Hello divas! I hope that your week is going wonderfully so far. Mine has been pretty low-key so I can’t complain. One thing I am focusing on this week, however, is getting back into a regular running routine, albeit low mileage as I have had so much time off. If you follow me on social media, you know I started a new weekly series last week called Running 101. This series is a chance for me to share some of my beginning running tips that I have learned along the way with all you lovelies. We started last week with why running is a good form of exercise. Today I am sharing one of the “hows” of running – using the run-walk method.
My running journey started like many such journeys do – with a couch to 5K program. This was great because it started off with a combination of running and walking and gradually became more running than walking. The purpose was to learn to run for 30 minutes straight by the end of the program. Well that didn’t work to well for me. I made it to about the 20 minute mark and would have to take a breather. But I knew that I wanted to be able to run 5Ks and work my way up to the half marathon distance (see 5 reasons to run a half marathon).
The first half marathon I signed up for was the Princess Half Marathon at Disney World for 2013 (I ended up running a half before then, but I signed up for this one first). While researching this race, I found out about Jeff Galloway (who I got to meet at Fitbloggin 2014!). Jeff is a lifelong runner who uses the run-walk-run method of running. Basically, he does distance races keeping a steady interval of running with walk breaks. This has been perfect for me and I have been using this method ever since. I have completed 12 half marathons and multiple 5Ks and 10Ks along the way.
So why was this method a good fit for me? There are 5 benefits to using the run-walk method that have helped me in my running journey.
- Decreased chance of injury. The run-walk method causes less wear and tear on the body, decreasing the chance of injuries. Continuous use of muscle will result in fatigue much quicker. This method will allow a runner to go farther and/or longer before fatigue sets in.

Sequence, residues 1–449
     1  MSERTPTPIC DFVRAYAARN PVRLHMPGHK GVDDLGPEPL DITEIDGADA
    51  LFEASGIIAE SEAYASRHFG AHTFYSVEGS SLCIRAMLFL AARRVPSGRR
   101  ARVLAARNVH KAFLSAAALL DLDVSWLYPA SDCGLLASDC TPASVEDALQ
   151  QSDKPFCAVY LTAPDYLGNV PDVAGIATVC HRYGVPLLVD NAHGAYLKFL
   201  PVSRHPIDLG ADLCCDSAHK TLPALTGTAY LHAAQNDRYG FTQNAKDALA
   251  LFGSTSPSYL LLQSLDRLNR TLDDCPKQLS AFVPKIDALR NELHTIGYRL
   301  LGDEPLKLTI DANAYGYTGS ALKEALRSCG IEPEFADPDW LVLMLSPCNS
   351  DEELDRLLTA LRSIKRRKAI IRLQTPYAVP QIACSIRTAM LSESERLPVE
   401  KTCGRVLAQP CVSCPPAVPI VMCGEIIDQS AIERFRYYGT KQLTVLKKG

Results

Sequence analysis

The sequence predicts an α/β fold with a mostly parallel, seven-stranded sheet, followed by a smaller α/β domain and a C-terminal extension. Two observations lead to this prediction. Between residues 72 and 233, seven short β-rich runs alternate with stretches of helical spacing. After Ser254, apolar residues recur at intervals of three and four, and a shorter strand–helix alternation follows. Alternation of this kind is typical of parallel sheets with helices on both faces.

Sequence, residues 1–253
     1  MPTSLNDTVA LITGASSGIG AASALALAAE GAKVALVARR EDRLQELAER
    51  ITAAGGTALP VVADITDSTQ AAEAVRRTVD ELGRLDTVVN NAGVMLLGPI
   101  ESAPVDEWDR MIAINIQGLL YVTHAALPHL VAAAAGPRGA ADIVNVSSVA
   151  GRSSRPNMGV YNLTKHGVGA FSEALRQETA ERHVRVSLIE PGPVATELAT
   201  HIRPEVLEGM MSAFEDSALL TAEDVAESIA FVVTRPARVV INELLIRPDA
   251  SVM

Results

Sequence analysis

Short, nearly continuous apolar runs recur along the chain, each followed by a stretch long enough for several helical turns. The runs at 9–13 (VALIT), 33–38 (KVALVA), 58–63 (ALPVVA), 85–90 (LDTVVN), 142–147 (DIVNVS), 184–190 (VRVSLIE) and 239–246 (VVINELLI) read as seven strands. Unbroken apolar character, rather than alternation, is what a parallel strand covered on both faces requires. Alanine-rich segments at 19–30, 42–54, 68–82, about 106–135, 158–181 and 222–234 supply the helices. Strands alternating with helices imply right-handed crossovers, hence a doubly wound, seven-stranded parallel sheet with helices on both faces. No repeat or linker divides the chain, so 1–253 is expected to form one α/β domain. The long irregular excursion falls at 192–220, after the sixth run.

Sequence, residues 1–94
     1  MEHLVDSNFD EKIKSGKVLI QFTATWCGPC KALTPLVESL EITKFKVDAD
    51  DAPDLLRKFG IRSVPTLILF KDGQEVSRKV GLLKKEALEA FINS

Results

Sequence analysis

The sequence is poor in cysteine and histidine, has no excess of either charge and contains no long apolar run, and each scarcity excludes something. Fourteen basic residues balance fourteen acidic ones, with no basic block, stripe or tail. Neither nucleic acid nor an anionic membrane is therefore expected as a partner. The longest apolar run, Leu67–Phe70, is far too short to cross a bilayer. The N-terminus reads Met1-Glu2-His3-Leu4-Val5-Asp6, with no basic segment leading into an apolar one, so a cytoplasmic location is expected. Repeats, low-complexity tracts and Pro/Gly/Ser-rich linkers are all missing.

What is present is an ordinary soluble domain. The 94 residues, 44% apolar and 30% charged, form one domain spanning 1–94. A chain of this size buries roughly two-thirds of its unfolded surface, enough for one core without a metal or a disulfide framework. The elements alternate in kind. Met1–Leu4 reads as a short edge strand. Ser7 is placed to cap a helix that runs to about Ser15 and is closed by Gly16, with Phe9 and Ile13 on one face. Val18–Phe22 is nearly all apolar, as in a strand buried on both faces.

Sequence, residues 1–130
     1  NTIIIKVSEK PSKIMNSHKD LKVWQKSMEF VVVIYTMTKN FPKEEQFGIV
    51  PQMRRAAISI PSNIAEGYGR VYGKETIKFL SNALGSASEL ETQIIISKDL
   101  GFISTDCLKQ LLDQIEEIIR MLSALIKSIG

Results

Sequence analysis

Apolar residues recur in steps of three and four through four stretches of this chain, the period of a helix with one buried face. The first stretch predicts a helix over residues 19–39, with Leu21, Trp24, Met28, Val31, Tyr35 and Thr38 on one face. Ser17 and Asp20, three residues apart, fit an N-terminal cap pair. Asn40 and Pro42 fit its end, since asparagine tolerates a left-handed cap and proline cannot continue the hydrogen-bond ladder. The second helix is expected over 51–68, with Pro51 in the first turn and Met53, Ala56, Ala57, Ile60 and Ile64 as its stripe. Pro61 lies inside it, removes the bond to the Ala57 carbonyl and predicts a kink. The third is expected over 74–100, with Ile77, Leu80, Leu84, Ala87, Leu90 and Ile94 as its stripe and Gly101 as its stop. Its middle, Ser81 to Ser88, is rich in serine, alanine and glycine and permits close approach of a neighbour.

- Quicker recovery. With less wear and tear on the body also come quicker recover after a run. I know from experience that I can walk all over Disney World after doing 13.1 miles and still not be sore the next day. I generally don’t have a lot of pain after a long race because of the walk breaks.
- Interval training. This is a form of interval training which means that you can burn more fat and calories than running at a constant pace. Which is great if you are like me and trying to lose a few pounds.
- Breaks up distances into manageable units. Running is as much mental as it is physical – especially when you get into the distance races. Using the run-walk intervals will help with those long distances. Running 14 miles just seems impossible. But as I am running my intervals, I only have to focus on the next interval. Before I know it, my mileage is done and I can treat myself to a post workout smoothie.
- Motivating for new runners. This method allows just about anyone to run any race they want. It doesn’t matter your age, weight, gender, or physical ability. You can be a runner. As you start off slow, you can work your way up to running for a longer amount of time and having fewer walk breaks.
[Tweet “Check out part 2 of my #running 101 series – the benefits of using the #run – #walk method #runningtips #fitness #fitnesstips “]
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